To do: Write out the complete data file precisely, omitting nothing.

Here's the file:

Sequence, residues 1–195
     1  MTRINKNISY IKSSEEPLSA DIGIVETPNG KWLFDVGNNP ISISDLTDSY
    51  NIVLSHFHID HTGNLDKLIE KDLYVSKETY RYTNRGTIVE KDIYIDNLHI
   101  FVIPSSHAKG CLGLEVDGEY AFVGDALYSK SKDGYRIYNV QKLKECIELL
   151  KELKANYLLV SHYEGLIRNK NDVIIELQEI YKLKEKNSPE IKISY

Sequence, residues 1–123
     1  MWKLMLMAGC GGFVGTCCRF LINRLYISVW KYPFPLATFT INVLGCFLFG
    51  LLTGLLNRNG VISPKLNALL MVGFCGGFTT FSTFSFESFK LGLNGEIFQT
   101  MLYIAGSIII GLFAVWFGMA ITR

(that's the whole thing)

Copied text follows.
Sequence, residues 1–195
     1  MTRINKNISY IKSSEEPLSA DIGIVETPNG KWLFDVGNNP ISISDLTDSY
    51  NIVLSHFHID HTGNLDKLIE KDLYVSKETY RYTNRGTIVE KDIYIDNLHI
   101  FVIPSSHAKG CLGLEVDGEY AFVGDALYSK SKDGYRIYNV QKLKECIELL
   151  KELKANYLLV SHYEGLIRNK NDVIIELQEI YKLKEKNSPE IKISY

Sequence, residues 1–123
     1  MWKLMLMAGC GGFVGTCCRF LINRLYISVW KYPFPLATFT INVLGCFLFG
    51  LLTGLLNRNG VISPKLNALL MVGFCGGFTT FSTFSFESFK LGLNGEIFQT
   101  MLYIAGSIII GLFAVWFGMA ITR